24. 24. C) Legislative power  Legislative power was to be exercised by the Governor with the advice and consent of a Legislative Council consisting of the Governor as President, three ex officio members, and up to 18 official and up to 21 unofficial members appointed by the Crown.
  25. 25. The Governor retained the power to legislate, after consulting the Advisory Council, ‘for the peace, order and good government’ of the Union.
  26. 26. D) The States  At the state level, legislative power was to be severely curtailed, consisting only of matters declared by the Governor to be of purely local nature in the State or Settlement and matters delegated by the Legislative council.
  27. 27. E) Judicial power  Unlimited civil and criminal jurisdiction was vested in a Supreme Court, consisting of a High Court and Court of Appeal, presided over by a Chief Justice and staffed by judges appointed by the Crown.
  28. 28. ii) The Federation of Malaya (1948-1957)  At Working Committee of 12, comprising six British officials, four representatives of the Rulers, and two representatives of UMNO, formulated a new federal plan which had the following features:
  29. 29. i) There would be established a Federation of the Malay States and the Settlements of Penang and Melaka, the Rulers being retained as constitutional monarchs;
  30. 30. ii) The Head of Government would be a High Commissioner with powers over all matters except Malay custom and religion;
  31. 31. iii) The Malays would be recognized as the indigenous people, and citizenship for the non-Malay communities would be based on 15 years’ residence, not five years as under the Malayan Union;
  32. 32. iv) There would be Federal Legislative and Executive Councils, but the identity of the states and the States Councils would be retained;
  33. 33. v) The Legislative Council would be chaired by the High Commissioner and be composed of officials, including the nine Malay Presidents of the State Councils, and 50 unofficials representing the various races.
  34. 34. iii) The Reid Commission 1957   The modern Malaysian constitution has its more precise origins in the Report of the Constitutional Commission of 1957, chaired by Lord Reid (the Reid Commission). Later, constitutional developments have been in essence departures from the “Reid Constitution”, as the Merdeka Constitution of 1957 is often called.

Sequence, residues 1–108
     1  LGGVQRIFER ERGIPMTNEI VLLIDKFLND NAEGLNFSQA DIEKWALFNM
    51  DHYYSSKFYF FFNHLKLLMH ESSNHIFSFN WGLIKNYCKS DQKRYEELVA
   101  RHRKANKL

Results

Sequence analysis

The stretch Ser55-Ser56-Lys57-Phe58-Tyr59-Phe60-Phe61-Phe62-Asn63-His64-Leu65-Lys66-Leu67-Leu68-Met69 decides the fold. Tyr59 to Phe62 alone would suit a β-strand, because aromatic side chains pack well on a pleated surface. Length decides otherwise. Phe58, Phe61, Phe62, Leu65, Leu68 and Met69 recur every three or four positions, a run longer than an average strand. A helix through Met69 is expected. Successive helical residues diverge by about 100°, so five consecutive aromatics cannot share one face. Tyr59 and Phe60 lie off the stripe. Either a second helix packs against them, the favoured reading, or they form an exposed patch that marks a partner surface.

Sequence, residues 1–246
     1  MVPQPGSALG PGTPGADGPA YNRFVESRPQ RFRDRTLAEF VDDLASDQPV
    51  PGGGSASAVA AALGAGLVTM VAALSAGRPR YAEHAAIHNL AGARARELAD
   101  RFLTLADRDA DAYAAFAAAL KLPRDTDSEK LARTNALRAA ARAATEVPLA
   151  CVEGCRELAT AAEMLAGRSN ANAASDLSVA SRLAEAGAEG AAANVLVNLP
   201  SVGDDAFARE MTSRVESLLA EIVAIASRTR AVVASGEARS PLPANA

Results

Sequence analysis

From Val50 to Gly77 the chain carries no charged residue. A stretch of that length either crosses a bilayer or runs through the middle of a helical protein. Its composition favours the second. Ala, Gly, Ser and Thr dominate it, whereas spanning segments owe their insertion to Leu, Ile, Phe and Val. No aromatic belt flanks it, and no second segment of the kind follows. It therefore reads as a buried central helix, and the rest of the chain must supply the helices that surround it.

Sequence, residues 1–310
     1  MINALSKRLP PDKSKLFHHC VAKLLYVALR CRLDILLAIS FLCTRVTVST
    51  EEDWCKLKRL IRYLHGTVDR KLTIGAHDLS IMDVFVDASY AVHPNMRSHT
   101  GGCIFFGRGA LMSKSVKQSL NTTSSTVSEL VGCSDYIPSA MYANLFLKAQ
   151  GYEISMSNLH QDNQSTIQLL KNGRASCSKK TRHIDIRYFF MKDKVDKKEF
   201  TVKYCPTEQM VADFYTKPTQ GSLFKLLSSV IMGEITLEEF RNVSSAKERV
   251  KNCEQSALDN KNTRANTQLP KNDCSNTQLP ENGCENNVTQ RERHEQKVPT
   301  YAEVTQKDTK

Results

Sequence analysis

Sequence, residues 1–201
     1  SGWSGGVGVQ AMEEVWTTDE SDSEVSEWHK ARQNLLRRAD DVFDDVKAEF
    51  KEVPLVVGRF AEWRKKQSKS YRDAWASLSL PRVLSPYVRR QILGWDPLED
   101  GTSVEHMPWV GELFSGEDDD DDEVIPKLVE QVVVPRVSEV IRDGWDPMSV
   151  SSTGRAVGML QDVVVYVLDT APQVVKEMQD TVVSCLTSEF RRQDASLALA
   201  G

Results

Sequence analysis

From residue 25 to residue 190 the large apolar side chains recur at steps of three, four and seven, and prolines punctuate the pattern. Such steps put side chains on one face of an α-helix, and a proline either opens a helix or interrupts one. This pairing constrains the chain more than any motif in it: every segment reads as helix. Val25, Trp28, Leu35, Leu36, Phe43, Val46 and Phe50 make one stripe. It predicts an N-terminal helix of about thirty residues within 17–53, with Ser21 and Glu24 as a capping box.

35. 35. Cont.          i) Appointment of the Commission; ii) The legislature iii) The executive iv) The Rulers v) The States vi) The judiciary vii) Special privileges and the national language viii) Fundamental rights and judicial review ix) Emergency powers
  36. 36. i) Appointment of the Commission;  Following the first federal elections in 1955, the prospect of imminent independence raised, for the third time in ten years, important constitutional issues.
  37. 37. A Constitutional Conference on the usual imperial pattern was held in London in January and February 1956 between representatives of the British Government, the Rulers (four representatives), the Chief Minister (the Tunku), three Ministers of the Federation Government, and the High Commissioner,
  38. 38. This important Conference proposed independence for the Federation by August 1957 and the appointment of a Constitutional Commission. The proposal having been accepted by the Rulers and the British Government, the Commission submitted its Report about one year later, in February 1957.
  39. 39. Members of The Reid Commission      i) Lord Reid (the Scottish judge); ii) Sir Ivor Jennings (the Cambridge jurist); iii) Sir William McKell (a former Judge Governor-General of Australia); iv) Mr. Justice B. Malik (an Indian Judge); v) Mr. Justice Abdul Hamid (a Pakistani Judge).
  40. 40. The appointment of such a Commission was preferred to the appointment of a constituent assembly as occurred in India.
  41. 41. Although this enabled independence to be reached probably sooner than might otherwise been possible, and although the Commission consulted widely and sympathetically and the Reid Constitution was accepted by all the relevant institutions in Malaya, the Malaysian Constitution has probably suffered from the fact that it was not drafted by the representatives of the people.
  42. 42. It has often been seen or presented as a foreign document rather than an indigenous one.
  43. 43. ii) The legislature    The Reid Commission recommended as the federal legislature a Parliament consisting of: a) Dewan Rakyat (House of Representatives) of 100 members, similar to the House of Commons in the United Kingdom; and b) A Dewan Negara (Senate).
  44. 44. iv) The Debate on the Reid Commission’s proposal  The principle topics for debate concerning the Constitution were of course the central concerns of the social contract, citizenship, language and special privileges.
  45. 45. v) The Malaysian Federation 1963   Accordingly, federation proceeded on 16 September 1963, despite the persistence of objections. With the formation of Malaysia, true independence was attained by the former British territories in the region.
  46. 46. vi) Crisis I: The 13 May 1969 Riots and National Operation Council (NOC) Rule  The race riots of 13 May 1969 and the emergency proclamation and emergency rule which followed constituted the most traumatic episode in the post-independence history of Malaysia, and affected the nature of Malaysia constitutionalism.